Thank you for the nearly 40,000 visits to the Strong Women, Strong Love blog this year! I hope that you found resources here to nurture and enhance your marriage.
As 2017 winds down, I wanted to look back on some of the most popular marriage advice articles published this year.
How Attachment Styles Affect Your Marriage This article looks at attachment styles as a framework for understanding your marriage. Your attachment style was shaped by the family you grew up in, and it continues to influence how you approach relationships. For example, if your early caregivers were loving, responsible and reliable, you’re probably comfortable with emotional intimacy and trusting others. But if your caregivers were unavailable or unresponsive, you may have trouble seeking closeness with others. Knowing your attachment style and your husband’s can be an important first step toward improving your marriage.
Learn more: If you found the article on attachment styles useful, you may also want to read Chasing Doesn’t Work (No Fooling!). Chasing is a common pattern when someone with an ambivalent/anxious attachment style marries a partner with an avoidant attachment style.
Some Key Truths About Honesty in Your Marriage What does it mean to be honest and authentic with your spouse? You and your husband might have very different answers to this seemingly simple question! Some people have a let-it-all-hang-out philosophy, but their spouses might feel attacked by their bluntness. Again, your feelings about what should — and shouldn’t — be shared in a relationship were probably shaped by your own family. Talk with your husband about how each of you defines honesty so that you can understand and navigate your differences.
How Your Husband Really Feels About Your Miscarriage A miscarriage is one of the greatest heartbreaks a couple can share together. Sometimes misunderstandings between partners can compound the pain. You may feel hurt and confused if your husband seems unemotional or indifferent after a miscarriage. But he may be acting this way out of a desire to protect you and not add to your burden. It helps to be very clear with him about the kind of support you need.
Learn more: If struggles with infertility have you worried about your marriage, my article Will He Leave If You Can’t Conceive? should be reassuring. In an overwhelming majority of marriages, one spouse’s inability to conceive a child is not a deal-breaker for the other partner.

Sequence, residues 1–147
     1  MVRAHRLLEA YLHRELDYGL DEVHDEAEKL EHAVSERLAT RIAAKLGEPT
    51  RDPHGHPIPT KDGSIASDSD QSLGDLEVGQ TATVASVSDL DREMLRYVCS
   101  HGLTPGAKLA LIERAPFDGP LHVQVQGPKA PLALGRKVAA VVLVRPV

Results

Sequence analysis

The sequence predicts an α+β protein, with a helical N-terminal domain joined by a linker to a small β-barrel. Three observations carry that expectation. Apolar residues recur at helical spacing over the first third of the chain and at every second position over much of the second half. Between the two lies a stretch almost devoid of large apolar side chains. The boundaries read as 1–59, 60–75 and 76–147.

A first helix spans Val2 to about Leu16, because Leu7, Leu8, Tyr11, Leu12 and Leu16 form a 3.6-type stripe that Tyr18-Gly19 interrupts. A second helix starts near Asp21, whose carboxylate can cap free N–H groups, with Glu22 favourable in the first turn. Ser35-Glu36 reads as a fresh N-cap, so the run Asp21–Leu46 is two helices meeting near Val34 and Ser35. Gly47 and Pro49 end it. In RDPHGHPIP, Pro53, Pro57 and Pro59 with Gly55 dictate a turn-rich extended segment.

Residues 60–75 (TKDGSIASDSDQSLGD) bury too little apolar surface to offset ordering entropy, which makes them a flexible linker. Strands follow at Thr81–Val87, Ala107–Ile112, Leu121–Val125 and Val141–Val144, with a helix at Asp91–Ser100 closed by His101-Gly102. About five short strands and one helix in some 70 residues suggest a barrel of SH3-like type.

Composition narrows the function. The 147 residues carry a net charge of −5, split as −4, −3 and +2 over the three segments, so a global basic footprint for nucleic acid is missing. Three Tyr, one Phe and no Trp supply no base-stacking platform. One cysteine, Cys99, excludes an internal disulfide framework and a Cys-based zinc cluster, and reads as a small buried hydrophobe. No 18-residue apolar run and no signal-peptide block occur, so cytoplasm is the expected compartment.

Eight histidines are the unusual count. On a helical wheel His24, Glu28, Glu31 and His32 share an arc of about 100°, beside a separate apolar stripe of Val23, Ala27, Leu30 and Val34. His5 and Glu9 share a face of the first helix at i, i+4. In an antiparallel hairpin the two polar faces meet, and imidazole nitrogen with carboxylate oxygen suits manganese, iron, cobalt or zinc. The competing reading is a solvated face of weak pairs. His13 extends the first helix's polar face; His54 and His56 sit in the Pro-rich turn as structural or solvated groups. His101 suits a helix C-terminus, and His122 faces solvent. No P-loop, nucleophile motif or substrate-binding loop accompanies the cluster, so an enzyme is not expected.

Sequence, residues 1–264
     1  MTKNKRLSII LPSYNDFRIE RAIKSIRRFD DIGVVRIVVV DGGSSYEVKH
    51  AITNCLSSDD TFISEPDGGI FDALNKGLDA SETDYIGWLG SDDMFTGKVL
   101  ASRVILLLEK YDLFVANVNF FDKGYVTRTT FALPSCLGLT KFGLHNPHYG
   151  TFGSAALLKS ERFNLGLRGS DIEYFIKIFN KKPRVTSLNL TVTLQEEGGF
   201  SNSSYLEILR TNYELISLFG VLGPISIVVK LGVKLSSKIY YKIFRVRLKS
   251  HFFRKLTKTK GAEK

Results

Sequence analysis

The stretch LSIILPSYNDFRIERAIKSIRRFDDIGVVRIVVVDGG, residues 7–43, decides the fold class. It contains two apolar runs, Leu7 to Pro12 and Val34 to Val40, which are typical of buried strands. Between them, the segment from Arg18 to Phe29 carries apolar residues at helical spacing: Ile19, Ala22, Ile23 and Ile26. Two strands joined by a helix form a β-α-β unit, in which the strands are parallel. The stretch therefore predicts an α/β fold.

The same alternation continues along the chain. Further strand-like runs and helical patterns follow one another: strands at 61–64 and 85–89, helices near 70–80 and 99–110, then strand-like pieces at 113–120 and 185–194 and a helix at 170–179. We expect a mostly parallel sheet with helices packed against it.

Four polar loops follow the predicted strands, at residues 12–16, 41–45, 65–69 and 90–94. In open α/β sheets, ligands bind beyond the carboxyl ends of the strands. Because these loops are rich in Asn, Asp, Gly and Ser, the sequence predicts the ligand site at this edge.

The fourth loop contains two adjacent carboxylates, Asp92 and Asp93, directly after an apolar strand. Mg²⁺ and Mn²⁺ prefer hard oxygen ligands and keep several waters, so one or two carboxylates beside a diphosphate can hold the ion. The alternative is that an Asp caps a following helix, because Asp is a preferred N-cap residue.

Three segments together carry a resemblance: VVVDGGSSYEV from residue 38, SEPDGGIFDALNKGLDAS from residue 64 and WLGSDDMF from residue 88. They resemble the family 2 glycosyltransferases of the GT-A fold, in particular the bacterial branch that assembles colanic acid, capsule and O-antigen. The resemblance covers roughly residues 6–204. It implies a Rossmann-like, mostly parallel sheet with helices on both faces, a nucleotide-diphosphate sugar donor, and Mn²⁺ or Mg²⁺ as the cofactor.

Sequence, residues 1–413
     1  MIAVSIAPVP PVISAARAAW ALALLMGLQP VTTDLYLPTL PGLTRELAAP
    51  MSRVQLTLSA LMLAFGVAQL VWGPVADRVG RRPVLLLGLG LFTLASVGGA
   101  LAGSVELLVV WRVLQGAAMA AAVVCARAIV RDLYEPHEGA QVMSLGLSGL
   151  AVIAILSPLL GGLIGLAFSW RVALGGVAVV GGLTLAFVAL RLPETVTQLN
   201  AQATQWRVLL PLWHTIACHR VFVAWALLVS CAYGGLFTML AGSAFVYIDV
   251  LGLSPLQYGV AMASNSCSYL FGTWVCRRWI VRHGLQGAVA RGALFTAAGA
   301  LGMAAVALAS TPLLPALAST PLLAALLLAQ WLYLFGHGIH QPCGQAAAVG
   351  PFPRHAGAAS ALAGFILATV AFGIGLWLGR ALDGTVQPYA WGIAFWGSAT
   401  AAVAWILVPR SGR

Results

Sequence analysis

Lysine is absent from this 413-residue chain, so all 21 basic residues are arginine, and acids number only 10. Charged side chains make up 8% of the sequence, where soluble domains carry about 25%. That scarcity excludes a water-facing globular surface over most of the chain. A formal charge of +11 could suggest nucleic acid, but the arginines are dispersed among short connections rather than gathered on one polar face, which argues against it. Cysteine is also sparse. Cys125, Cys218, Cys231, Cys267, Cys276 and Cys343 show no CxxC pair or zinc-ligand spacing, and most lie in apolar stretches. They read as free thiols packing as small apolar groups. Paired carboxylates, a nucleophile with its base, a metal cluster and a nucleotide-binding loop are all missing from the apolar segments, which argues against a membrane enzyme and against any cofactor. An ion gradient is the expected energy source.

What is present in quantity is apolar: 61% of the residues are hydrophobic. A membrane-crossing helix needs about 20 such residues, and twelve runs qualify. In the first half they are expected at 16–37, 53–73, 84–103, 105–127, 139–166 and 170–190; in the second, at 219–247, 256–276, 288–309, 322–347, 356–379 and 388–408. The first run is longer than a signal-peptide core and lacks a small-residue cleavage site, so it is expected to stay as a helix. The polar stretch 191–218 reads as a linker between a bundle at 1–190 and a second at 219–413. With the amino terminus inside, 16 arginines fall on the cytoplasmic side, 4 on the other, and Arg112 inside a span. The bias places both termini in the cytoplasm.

Your Husband Wants to Separate — Now What? The above three articles were the most popular ones published in 2017. But by far, the most-read post on the blog is this article on separation that I wrote in 2015. This post has generated ongoing discussion since it first appeared, with commenters opening up about their own experiences with separation and offering each other support and compassion. If you’re going through a separation now, know that while you can’t do anything to make your husband return to the marriage, you’ll have a better chance of saving your marriage if you can avoid acting from a place of fear.
Learn more: If the advice in my article on separation resonated with you, you may also wish to explore The Last Resort Technique for saving your marriage. Creator Michele Weiner-Davis (a marriage therapist) makes no guarantees that the technique will work, but says “it works often enough for you to be eager to give it a shot.” And, she adds, “even if your marriage doesn’t improve … your mental health will.”
Thank you again for reading the Strong Women, Strong Love blog in 2017. I wish you and your husband much love and joy in 2018. If there are relationship topics you’d like to see me cover on the blog next year, just drop me a note or a comment on Facebook.
If you’re reading this, you’re probably going through, or fearing that you’re about to go through, one of the scariest things that can happen in a marriage: Your husband wants to separate.